Service Management Blog

Introduction to Information Security Management

Stephen Watts
Matthew Tracy
4 minute read
Stephen Watts, Matthew Tracy

What is Information Security Management?

Technology allows businesses to foster collaboration, communication, and sharing across the globe. We live in a time where working from home for large corporations is becoming the norm. Many rewards come from this: happier employees, decreased office space costs, and increased productivity. Innovation in communication is changing the very way we do business.

Unfortunately, as we have made it easier to share and collaborate, we have opened ourselves to a dark side of these new freedoms.  With so many points of connection, we have to find the balance between easy communication and protecting our information.  We must implement policies, procedures, strategies, and best practices to overcome and not fall prey to online threats.  This is where Information Security Management comes in to play.

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In short, information security management is the controls an organization implements to protect the confidentiality of itself and employees, availability and stability of services, and integrity of data and assets used to run the business. As more data passes between individuals and information security management becomes critically important, we’ll explore more about information security management, allowing us to collaborate freely across the web.

Assessment of Risks

One initial component of information security management is risk assessment. This step is integral as it serves as a starting point to determine what is and is not a threat, what needs to be protected, and what the costs benefits analysis is of protecting your information.

This is also where you analyze the best way to collaborate for your organization. There are many ways for companies to collaborate with tools making collaboration easy. The landscape is filled with tools from multiple vendors, but all are not created equally and may not be compatible with security procedures your current partners have in place. Evaluating technologies and security requires time and effort along with a solid strategy and understanding of the company’s needs and goals.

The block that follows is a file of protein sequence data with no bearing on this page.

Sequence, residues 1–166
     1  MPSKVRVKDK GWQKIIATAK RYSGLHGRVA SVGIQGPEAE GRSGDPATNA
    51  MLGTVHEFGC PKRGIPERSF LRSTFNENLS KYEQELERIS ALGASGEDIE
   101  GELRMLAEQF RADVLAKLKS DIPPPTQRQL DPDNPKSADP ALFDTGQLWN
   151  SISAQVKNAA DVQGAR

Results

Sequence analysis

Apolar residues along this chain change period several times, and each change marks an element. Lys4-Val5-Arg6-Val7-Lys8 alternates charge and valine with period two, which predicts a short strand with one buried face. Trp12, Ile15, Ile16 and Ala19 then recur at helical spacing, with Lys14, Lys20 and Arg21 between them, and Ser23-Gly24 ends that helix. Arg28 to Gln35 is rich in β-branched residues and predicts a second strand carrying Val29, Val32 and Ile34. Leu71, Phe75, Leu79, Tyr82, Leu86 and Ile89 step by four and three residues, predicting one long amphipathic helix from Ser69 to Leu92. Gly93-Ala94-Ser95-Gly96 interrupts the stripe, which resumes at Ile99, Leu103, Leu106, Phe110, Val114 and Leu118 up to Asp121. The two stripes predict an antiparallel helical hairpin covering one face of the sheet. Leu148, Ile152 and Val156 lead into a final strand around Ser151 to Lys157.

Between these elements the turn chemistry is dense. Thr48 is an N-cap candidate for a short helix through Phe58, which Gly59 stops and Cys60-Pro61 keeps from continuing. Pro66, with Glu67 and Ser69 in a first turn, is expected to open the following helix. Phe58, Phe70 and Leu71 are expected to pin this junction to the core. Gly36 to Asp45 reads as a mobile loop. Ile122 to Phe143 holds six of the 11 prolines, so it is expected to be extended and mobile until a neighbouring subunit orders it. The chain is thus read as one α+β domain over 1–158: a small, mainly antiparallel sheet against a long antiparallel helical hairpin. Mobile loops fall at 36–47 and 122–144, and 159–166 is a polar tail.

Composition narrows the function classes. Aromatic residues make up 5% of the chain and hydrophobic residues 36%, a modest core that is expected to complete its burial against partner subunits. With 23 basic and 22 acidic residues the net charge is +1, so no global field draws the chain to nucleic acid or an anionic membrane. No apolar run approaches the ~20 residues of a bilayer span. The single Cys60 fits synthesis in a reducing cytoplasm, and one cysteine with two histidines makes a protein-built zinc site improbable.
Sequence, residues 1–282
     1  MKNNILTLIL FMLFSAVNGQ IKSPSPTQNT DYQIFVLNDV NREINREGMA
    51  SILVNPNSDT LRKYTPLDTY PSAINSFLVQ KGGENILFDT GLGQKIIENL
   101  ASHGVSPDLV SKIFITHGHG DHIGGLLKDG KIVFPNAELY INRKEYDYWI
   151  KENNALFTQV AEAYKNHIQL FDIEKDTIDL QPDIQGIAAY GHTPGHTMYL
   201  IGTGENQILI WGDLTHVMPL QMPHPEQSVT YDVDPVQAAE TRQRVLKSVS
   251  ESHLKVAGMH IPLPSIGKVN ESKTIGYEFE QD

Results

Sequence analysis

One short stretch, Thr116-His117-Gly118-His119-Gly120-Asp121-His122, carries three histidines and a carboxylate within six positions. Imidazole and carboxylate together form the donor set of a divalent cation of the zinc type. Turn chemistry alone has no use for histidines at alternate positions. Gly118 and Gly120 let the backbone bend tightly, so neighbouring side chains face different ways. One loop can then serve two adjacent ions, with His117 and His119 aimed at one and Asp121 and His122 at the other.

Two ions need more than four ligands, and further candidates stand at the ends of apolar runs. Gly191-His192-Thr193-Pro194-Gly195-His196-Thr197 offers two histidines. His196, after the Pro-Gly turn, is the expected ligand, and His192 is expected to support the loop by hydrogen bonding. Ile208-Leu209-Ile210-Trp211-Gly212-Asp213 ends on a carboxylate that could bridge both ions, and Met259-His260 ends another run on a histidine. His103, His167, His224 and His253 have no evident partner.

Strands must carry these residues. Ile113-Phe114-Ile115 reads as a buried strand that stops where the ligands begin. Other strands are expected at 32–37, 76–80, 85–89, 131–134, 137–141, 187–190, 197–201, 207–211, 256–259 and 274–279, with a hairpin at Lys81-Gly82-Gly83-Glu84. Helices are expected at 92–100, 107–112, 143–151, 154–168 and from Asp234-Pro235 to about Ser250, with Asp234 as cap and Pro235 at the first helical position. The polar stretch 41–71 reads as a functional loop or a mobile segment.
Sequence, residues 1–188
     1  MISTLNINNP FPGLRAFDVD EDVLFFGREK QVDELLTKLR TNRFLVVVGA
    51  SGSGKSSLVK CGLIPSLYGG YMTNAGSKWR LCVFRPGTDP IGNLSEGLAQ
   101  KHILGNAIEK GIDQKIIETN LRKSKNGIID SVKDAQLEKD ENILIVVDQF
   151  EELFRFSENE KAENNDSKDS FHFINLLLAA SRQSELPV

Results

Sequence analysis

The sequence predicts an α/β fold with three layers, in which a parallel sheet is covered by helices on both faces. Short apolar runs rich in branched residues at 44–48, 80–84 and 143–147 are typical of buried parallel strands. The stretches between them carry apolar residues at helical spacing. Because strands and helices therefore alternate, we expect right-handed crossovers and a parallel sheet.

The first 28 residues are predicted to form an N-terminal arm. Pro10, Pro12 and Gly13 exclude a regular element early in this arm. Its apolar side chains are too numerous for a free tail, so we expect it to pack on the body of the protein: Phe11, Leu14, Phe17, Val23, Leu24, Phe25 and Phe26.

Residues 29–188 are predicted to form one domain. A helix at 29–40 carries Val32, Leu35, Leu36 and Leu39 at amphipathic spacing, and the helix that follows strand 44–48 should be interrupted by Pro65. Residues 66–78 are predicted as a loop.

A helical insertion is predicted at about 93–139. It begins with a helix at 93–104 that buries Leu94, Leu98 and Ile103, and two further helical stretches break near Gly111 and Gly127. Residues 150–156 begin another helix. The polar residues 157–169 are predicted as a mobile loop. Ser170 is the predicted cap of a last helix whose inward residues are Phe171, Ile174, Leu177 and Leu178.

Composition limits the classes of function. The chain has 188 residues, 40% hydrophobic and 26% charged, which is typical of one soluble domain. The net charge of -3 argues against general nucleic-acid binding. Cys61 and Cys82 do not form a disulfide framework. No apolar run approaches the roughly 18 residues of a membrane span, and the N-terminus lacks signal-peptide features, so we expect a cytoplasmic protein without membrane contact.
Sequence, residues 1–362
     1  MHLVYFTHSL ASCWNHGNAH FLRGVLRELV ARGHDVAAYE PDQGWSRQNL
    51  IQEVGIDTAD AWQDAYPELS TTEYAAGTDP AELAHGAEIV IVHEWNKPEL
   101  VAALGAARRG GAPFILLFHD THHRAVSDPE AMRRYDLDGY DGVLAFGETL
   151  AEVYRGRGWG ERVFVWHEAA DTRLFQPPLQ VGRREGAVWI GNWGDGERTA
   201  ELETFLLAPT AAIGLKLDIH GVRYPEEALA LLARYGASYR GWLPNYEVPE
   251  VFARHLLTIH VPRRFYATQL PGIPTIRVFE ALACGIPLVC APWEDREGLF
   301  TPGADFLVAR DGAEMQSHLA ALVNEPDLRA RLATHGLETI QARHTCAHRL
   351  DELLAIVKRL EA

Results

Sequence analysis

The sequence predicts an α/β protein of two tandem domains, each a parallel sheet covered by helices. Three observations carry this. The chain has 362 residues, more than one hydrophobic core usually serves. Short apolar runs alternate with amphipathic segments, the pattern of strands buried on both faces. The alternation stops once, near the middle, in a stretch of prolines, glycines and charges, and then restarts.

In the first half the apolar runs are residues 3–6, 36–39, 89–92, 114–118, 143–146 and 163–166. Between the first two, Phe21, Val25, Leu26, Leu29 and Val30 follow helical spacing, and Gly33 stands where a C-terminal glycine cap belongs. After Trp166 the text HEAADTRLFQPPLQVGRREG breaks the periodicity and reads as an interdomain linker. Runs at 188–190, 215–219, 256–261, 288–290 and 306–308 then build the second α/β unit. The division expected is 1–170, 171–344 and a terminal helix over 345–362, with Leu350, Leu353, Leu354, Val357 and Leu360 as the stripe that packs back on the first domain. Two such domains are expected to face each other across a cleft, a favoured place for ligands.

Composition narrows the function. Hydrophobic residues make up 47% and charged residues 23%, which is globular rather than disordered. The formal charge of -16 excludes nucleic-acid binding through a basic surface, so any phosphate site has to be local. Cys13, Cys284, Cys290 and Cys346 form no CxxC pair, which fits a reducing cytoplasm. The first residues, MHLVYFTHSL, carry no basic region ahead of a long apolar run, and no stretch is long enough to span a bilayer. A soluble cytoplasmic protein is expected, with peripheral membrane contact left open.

Using the Information Technology Infrastructure Library (ITIL) can make this easier by providing you with a baseline from which to build.  Industry standards and best practices can make it easier for you to evaluate your threats along with the likelihood and impact of those threats.


As the first part of an information security management assessment, you should look at potential threats. Properly understanding this can save you time and money in implementation in case threats become a reality.

Understanding your industry is key and policies and procedures common to your industry are a great place to start when evaluating your company. This is because finding ITIL-type policies for your industry allows you to zero in on potential issues. If you are having trouble finding industry-specific policies and procedures, general ITIL documents are a great place to start.

If you’re asking, “What are general threats to the wellbeing of my information?” you’re asking the right question.  While there are brute force attacks that can impact the outside an organization, the primary vector for attack will be through phishing and social engineering.  In fact, phishing and social engineering can lead to other types of attacks like downloading malware, viruses, or just giving out important user names, passwords, or other proprietary information to the wrong individual.

Once you understand the types of threats you need to understand how those threats can affect stakeholders if the information is stolen.  You must understand what the cost is for sending blueprints to the wrong person or if a member of the human resources department accidentally gave out the user name and password to the employee records database. Once you know this, you can evaluate the impact and likelihood of threats to your data and systems.

Impact and Likelihood